As far as tactics go, the latest idea from People for the Ethical Treatment of Animals is rather tame.

The group has asked the Kansas Department of Transportation to erect a memorial sign on Interstate 70 where dozens of cattle were killed in a recent wreck. Apparently at least 30 cattle being hauled to a slaughterhouse died when the truck drove off an overpass in Kansas City, Kan.

“In Memory of 30 Cows Who Suffered and Died at This Spot” is the wording of the requested sign.

“It’s tragic enough that cows will end up in slaughterhouses, where their throats will be cut and some of them will be skinned alive,” Dan Mathews, PETA’s vice president, said. “PETA’s sign will remind truck drivers that the least that we can do for these animals is to take care to save them from plunging off an overpass to a bloody, drawn-out death on the pavement below.”

While Mathews’ description is gross, the sign itself is not very provocative, which is rather surprising. This animal rights group attempted to exploit the murder of Wichita abortion provider George Tiller by posting billboards suggesting both pro-life and pro-choice factions should choose a vegetarian lifestyle. PETA activists regularly throw blood on fur-wearing individuals, stage nude demonstrations and currently have a rather misogynistic campaign featuring women in slings, casts and bandages because their vegetarian partners have so much energy by going meat-free.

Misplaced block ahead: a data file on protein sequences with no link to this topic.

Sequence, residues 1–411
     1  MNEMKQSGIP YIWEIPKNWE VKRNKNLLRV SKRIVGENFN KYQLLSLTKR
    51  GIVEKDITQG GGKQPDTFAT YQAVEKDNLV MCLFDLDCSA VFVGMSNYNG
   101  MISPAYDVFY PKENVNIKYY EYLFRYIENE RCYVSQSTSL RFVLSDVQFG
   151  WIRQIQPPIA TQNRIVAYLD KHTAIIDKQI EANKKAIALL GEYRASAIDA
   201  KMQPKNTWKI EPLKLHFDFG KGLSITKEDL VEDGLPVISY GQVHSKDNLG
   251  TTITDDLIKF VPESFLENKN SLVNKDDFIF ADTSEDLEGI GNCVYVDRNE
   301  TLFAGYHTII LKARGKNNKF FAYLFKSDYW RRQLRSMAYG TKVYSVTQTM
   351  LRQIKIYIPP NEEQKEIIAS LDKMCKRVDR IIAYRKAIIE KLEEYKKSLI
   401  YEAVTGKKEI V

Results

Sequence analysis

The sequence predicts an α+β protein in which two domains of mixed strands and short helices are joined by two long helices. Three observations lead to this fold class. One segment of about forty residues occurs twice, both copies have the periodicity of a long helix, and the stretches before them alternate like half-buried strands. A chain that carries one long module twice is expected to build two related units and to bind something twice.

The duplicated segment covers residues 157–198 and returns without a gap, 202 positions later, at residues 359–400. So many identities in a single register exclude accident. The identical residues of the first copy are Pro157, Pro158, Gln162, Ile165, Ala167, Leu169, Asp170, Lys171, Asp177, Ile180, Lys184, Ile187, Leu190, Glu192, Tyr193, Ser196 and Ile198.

In a region where raising livestock to feed the world is a healthy part of the local economy, it’s hard to take the group seriously. Their intent is fine, and we have no beef with a vegetarian’s preferred diet. We can’t help but think PETA’s tactics are designed merely to draw attention to the organization, not the message.

If that is the intent — fine. Everybody in the country has the right to their opinion.

But not everybody’s opinion needs to be posted on public right-of-ways. We were pleased to hear KDOT rejected PETA’s request.

“We don’t post fatality signs for anyone — animal or human,” Steve Swartz, KDOT’s public information officer, said. “The state doesn’t have any such program to mark the spot of a fatality.”

We always appreciate it when common sense carries the day.

— The Hays Daily News